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Chopping ± 25 arcsec @ 5 Hz Jitter = 0.08″ RMS, Settling time < 20 msec

Field stabilisation @ 6 Hz (Tilt command superimposed on actual tilt) Relative tracking error < 1.31 % (electronic noise of test set-up)

Figure 5: Chopping preliminary performance.

Figure 6: Field stabilisation preliminary performance.

stabilise the mirror. The blank is then electroless nickel plated. Due to the large surface of the structural pockets and ribs at the back of the blank, a thinner layer of nickel is put on the back face than on the front face to avoid unnecessary weight increase. The minimum thickness of Nickel on the front surface is dictated by the polishing process. The blank is slightly oversized to avoid edge effects during polishing. After polishing, the edge of the mirror is cut by electromachining. This generates also a sharp edge, necessary for reducing infrared emissivity. In all manufacturing processes, great care has been used to avoid any figure change induced by the release of internal stresses or by the removal of material, thus guaranteeing the long-term stability of the blank. To this purpose, a large number of thermal cycles were foreseen at each manufacturing stage and also during polishing.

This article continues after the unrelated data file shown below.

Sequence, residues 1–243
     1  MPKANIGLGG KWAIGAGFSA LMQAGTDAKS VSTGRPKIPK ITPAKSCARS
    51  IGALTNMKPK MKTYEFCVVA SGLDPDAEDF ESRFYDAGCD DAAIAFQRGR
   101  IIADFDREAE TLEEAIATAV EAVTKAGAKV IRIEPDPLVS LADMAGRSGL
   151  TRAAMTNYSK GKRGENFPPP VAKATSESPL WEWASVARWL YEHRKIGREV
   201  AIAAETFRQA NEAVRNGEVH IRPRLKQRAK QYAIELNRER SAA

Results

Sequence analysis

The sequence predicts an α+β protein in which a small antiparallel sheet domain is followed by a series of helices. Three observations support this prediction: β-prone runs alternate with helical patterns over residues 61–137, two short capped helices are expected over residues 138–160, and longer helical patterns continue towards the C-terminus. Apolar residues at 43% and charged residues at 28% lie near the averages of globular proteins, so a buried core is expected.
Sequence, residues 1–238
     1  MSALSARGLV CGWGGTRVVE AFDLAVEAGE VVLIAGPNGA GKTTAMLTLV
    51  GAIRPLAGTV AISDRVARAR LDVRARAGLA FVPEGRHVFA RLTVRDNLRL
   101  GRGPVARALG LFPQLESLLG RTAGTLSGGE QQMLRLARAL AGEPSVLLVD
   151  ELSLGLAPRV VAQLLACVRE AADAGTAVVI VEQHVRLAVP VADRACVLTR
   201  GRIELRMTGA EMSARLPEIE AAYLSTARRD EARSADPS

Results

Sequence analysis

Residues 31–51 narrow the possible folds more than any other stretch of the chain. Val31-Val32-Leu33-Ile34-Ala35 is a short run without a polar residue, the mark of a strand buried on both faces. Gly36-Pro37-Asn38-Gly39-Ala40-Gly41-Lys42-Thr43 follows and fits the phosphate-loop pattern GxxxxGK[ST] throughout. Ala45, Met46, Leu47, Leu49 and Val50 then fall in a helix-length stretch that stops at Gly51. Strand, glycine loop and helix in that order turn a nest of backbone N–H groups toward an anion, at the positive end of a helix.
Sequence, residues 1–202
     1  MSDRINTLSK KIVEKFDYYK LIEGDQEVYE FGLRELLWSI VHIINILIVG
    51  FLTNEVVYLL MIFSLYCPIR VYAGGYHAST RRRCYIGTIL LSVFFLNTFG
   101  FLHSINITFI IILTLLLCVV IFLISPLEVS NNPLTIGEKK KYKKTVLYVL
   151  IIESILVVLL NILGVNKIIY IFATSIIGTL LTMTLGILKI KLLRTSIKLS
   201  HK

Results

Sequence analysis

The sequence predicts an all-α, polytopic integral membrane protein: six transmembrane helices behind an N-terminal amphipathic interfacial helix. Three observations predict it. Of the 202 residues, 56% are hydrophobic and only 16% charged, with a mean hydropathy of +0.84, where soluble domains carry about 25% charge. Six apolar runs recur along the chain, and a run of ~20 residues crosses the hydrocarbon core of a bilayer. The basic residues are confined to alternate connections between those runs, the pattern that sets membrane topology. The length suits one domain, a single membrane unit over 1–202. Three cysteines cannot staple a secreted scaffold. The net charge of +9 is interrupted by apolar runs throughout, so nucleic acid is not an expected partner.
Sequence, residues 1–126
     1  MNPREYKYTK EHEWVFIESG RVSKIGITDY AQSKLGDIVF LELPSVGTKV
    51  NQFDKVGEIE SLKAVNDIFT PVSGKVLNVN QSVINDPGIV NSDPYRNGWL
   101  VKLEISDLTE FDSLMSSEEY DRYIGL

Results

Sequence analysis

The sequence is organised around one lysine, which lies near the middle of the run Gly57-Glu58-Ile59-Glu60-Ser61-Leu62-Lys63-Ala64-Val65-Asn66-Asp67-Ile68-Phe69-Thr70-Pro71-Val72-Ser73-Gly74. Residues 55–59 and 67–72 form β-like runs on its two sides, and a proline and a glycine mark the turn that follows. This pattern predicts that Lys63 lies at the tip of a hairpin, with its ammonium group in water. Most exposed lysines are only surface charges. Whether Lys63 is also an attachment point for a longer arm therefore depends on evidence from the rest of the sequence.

Status of Manufacturing and Integration
The Final Design Review (FDR) of the M2 unit was performed at Dornier premises in November 1995. At that time, in less than sixteen months from the start of the activity, a breadboard of the tilt and chopping stage had been designed, manufactured and assem-